FOXBOROUGH, Mass. – New England Patriots quarterback Mac Jones has what doctors diagnosed as a severe left high ankle sprain that would cause many to have surgery, sources told ESPN NFL Insider Adam Schefter. While Jones is pushing to play as soon as possible, he is likely to miss multiple games.
Here are some of the key factors surrounding Jones' injury:
Timeline to return: Jones’ preference is to not have surgery, according to those familiar with his thinking. He hasn’t given up hope of returning quickly, as he took part in meetings this week as if there were a chance he could play Sunday against the Green Bay Packers at Lambeau Field (4:25 p.m. ET, CBS). That is not expected based on the standard timeline for severe high ankle sprains.
Even a moderate sprain that wouldn’t require surgery, referred to as Grade 2, is still “a multi-week injury”, according to ESPN injury analyst Stephania Bell.
“It depends on the individual. The key to coming back is not just ‘What does he look like when he steps into a throw?’ It’s ‘Can he protect himself? Can he move well enough to escape the pass rush?’” Bell explained.
“Stepping into a throw is what would stress those ligaments; stepping up and over, where your weight is coming up over the top of the foot. Things like that start to matter, and it’s why I don’t get too hung up on the question of when a player might be cleared to return. Because he might be cleared to return and still not be fully efficient.”
Jones the prospect: Whatever time Jones would miss shouldn’t have a major impact on how the Patriots (1-2) view him as the quarterback they plan to build around.
As owner Robert Kraft said in March, “Without a good coach and a good quarterback, no matter how good the other players are, I don’t think you can win consistently. Hopefully, I believe we have both – an outstanding coach and a good young prospect at quarterback.”
Arguably of greater concern than the injury itself was how Jones performed the first three games when healthy. His five interceptions over that stretch tied Matthew Stafford and Jameis Winston for an NFL high. While Jones is accountable for some of his poor decision-making, the external factors around him -- a new offense with new top offensive coaches -- also seem to have affected his overall comfort level.
Getting Jones to a better place, similar to where he was during an impressive 2021 rookie campaign, should be the team’s top priority. One line of thinking is that the injury could be a silver lining for him in the sense that he can step back, watch from the sideline, and perhaps return with an improved perspective on some of his early-season struggles.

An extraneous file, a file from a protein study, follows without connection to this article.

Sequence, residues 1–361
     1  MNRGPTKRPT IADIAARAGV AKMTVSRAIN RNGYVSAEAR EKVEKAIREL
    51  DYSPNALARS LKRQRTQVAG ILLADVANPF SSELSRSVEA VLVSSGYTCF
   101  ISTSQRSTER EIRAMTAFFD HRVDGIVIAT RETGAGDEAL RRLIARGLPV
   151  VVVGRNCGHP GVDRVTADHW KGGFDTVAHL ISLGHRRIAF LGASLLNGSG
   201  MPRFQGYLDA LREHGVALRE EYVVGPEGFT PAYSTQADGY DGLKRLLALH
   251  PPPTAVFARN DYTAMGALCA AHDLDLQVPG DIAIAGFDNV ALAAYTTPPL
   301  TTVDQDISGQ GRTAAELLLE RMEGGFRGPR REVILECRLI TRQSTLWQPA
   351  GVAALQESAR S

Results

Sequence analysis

Fill-in plans: Coach Bill Belichick confirmed that 14-year veteran Brian Hoyer will start for however long Jones is sidelined. The Patriots naturally hope Hoyer experiences success -- similar to Cooper Rush with the Dallas Cowboys the past two weeks -- until Jones returns.
“Brian has a lot of experience, been in a lot of different systems, seen a lot of football, taken a lot of snaps for us in various capacities,” Belichick said. “I thought he played well in the preseason. If we need him to go, he’ll be ready to go.”
Hoyer has lost his past 11 starts, dating to 2016, and if that streak continues, it could spark another question: Would the Patriots consider starting rookie Bailey Zappe (the fourth-round pick from Western Kentucky) until Jones returns?
That seems like a long shot at this point.
“Like any rookie quarterback, he has a lot to learn,” Belichick said. “He’s learned a ton. He’s a smart kid, processes information well. Every snap helps him. But he’s got a long way to go.”
Road ahead: After the Patriots visit the Packers on Sunday, they return home to welcome the Detroit Lions. Then it’s on the road against the Cleveland Browns, home vs. the Chicago Bears, on the road against the New York Jets, then back home against the Indianapolis Colts.
For perspective, the Patriots are 23rd in ESPN’s most recent power rankings, and only the Jets (31st) are ranked lower than them among upcoming opponents; Packers (7th), Browns (11th), Bears (22nd), Colts (20th).
That is one way to illustrate how this is a make-or-break stretch, which players have noted.
“I do believe we’ll respond the right way,” captain Matthew Slater said, when asked how players might react to playing without Jones. “We’re very early in our season, and if we don’t handle it the right way, this thing could spiral away from us.”
A clearer picture should come into focus by the end of October, with some players adamant that playing without Jones wouldn’t sink their season.
“Too many good players on this team to call it a waste,” receiver Jakobi Meyers said.